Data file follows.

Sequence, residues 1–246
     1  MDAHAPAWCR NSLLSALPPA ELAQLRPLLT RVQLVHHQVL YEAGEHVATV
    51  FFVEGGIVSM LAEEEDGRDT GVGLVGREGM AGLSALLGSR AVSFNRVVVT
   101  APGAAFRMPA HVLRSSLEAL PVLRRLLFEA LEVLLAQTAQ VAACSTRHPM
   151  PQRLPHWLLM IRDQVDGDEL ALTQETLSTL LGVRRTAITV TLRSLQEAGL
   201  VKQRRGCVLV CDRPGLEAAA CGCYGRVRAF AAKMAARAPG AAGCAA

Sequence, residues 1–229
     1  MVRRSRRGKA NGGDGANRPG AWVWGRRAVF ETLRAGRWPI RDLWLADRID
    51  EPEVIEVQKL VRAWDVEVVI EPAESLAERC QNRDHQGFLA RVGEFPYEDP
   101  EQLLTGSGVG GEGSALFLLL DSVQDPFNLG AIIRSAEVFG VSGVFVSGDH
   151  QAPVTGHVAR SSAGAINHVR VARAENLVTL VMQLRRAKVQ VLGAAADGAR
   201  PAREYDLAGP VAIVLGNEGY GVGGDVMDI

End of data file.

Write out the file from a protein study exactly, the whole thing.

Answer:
Sequence, residues 1–246
     1  MDAHAPAWCR NSLLSALPPA ELAQLRPLLT RVQLVHHQVL YEAGEHVATV
    51  FFVEGGIVSM LAEEEDGRDT GVGLVGREGM AGLSALLGSR AVSFNRVVVT
   101  APGAAFRMPA HVLRSSLEAL PVLRRLLFEA LEVLLAQTAQ VAACSTRHPM
   151  PQRLPHWLLM IRDQVDGDEL ALTQETLSTL LGVRRTAITV TLRSLQEAGL
   201  VKQRRGCVLV CDRPGLEAAA CGCYGRVRAF AAKMAARAPG AAGCAA

Sequence, residues 1–229
     1  MVRRSRRGKA NGGDGANRPG AWVWGRRAVF ETLRAGRWPI RDLWLADRID
    51  EPEVIEVQKL VRAWDVEVVI EPAESLAERC QNRDHQGFLA RVGEFPYEDP
   101  EQLLTGSGVG GEGSALFLLL DSVQDPFNLG AIIRSAEVFG VSGVFVSGDH
   151  QAPVTGHVAR SSAGAINHVR VARAENLVTL VMQLRRAKVQ VLGAAADGAR
   201  PAREYDLAGP VAIVLGNEGY GVGGDVMDI